The superb/signature cinematography by Gregg Toland uses a variety of lighting schemes, transitions and purposeful shadows that translate extremely well in this high definition presentation. Contrast is stable and supports the film’s elements naturally. Grain is presented in even layers that provide a satisfyingly filmic texture. A few backgrounds contained light digital noise but I suspect that most probably won’t even notice it. 70 years later this wonderful film looks terrific thanks to a well executed 4K restoration that gives fans the opportunity to experience it like never before. Kudos to Warner Bros.

The monaural soundtrack is presented in DTS-HD Master Audio lossless and while it won’t knock your socks off I found it delivered the components of the original recording beautifully. The auditory is clean and free of unwanted clicks, pops or background hiss. Dialogue intelligibility is excellent as it is never lost amidst the other sounds coming through the central channel. Bernard Herrmann’s superb music score exhibits a broader dynamic quality and open expression that adds a bit more emphasis. Purists will appreciate the time and effort that went into maintaining the integrity of this great film’s original elements while restoring it. The result will allow those seeing it for the first time to experience it looking and sounding better than it ever has on home video.



Bonus Features:


  • Disc 1: (Blu-ray)


  • Audio commentary with Peter Bogdonavich

  • Audio commentary with Roger Ebert

  • Opening: World Premiere May 1, 1941 – 1 minute newsreel

  • Interviews: Ruth Warrick (1997 – 5 minutes), Robert Wise (3 minutes)

  • The Production (6 segments)

    1. Storyboards
    2. Call sheets
    3. Production stills with audio commentary by Roger Ebert
    4. Ad campaign material
    5. Press book
    6. Opening night stills

  • Post production – Deleted scenes (script/storyboard/stills

  • Disc 2: (DVD)


  • The Battle over Citizen Kane - A two-hour Oscar-nominated (1995) documentary that chronicles the titanic struggle between filmmaker Orson Welles and newspaper magnate William Randolph Hearst, who claimed Citizen Kane was a thinly veiled and slanderous account of his own life. The documentary reveals the fascinating behind-the-scenes story of how Hearst used his formidable power to try to stop production and distribution of the film, and how he ultimately sought to destroy Welles himself.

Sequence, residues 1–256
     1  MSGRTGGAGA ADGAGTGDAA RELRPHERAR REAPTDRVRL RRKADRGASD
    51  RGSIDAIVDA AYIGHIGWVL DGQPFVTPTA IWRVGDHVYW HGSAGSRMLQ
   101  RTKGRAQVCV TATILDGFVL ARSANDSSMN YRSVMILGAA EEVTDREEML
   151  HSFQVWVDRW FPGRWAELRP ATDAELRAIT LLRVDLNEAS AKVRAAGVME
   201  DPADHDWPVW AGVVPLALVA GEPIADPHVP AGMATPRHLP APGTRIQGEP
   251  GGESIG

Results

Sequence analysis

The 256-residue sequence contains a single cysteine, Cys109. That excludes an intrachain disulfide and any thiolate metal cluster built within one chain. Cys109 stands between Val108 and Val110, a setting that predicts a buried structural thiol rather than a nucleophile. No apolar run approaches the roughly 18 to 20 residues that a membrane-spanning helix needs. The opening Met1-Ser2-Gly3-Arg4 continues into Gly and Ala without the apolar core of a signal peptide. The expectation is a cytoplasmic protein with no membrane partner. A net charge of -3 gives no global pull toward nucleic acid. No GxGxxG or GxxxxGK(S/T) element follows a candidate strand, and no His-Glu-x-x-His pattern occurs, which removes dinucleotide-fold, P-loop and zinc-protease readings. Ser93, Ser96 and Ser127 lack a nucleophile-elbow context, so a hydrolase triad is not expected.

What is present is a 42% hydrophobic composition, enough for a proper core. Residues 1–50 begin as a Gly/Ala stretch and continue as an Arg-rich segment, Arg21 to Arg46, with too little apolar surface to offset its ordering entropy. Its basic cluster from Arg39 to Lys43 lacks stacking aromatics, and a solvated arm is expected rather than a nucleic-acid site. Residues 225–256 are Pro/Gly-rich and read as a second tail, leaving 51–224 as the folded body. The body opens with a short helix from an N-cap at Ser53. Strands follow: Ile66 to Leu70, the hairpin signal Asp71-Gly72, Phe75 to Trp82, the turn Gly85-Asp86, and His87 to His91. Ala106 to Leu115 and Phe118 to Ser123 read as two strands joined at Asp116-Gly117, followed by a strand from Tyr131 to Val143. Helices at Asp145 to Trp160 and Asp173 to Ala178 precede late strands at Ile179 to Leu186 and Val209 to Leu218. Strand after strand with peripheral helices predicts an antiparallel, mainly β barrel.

• Disc 3: (DVD)


  • RKO 281 - The 1999 HBO film (titled for the production number given to Citizen Kane by RKO), won three Emmys (with 13 nominations), and the Golden Globe for Best Mini-Series Or Motion Picture Made for Television (2000). Directed by Benjamin Ross and written by John Logan, this dramatic depiction of the making of Citizen Kane stars Live Schreiber as Welles, James Cromwell as William Randolph Hearst, Melanie Griffith as Marion Davies, John Malkovich, Roy Scheider and Brenda Blethyn as Louella Parsons. – 86 minutes

  • 48 page hardcover collector’s book

  • 20 page reproduction of the original 1941 souvenir program

  • Lobby cards, reproductions of rare memos/correspondence


Final Thoughts:

Citizen Kane is considered by many to be the best film ever made. There is no denying its significance or place among the upper echelon of American films. It makes it debut on Blu-ray Disc in this superb 70th Anniversary Ultimate Edition set that features painstakingly restored and revitalized high definition video, faithfully reproduced lossless sound quality and a superlative compliment of bonus material and commemorative supplements that heighten the wonderful experience that Citizen Kane is. A must have for every film fan this excellent Blu-ray offering from Warner Home Video comes highly recommended.